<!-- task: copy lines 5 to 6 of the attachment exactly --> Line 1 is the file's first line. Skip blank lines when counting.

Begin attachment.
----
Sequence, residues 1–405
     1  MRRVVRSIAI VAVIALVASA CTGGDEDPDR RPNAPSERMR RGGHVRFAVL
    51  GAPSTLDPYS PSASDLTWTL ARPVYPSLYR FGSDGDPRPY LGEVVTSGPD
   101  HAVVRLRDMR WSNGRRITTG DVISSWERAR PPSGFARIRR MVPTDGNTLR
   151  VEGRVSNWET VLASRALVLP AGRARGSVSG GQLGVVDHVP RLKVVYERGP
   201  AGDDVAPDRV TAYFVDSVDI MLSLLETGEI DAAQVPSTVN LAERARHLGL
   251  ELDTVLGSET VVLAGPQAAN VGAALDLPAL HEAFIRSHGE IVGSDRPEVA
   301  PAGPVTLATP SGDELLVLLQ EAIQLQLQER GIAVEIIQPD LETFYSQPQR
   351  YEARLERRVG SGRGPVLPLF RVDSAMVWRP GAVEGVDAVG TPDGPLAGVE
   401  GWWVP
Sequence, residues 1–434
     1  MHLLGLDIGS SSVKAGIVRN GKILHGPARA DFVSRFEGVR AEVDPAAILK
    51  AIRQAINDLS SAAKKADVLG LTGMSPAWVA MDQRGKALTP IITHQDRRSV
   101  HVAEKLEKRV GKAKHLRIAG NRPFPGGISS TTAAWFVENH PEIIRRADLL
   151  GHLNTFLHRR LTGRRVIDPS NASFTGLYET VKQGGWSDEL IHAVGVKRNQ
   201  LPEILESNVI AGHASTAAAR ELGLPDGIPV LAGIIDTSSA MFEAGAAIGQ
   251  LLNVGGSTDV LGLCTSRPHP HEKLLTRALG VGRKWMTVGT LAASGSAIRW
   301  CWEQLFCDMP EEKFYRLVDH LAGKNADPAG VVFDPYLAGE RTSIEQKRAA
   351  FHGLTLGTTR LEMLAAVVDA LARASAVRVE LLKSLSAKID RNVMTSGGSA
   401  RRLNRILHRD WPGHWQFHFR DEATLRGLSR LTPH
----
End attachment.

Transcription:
   151  VEGRVSNWET VLASRALVLP AGRARGSVSG GQLGVVDHVP RLKVVYERGP
   201  AGDDVAPDRV TAYFVDSVDI MLSLLETGEI DAAQVPSTVN LAERARHLGL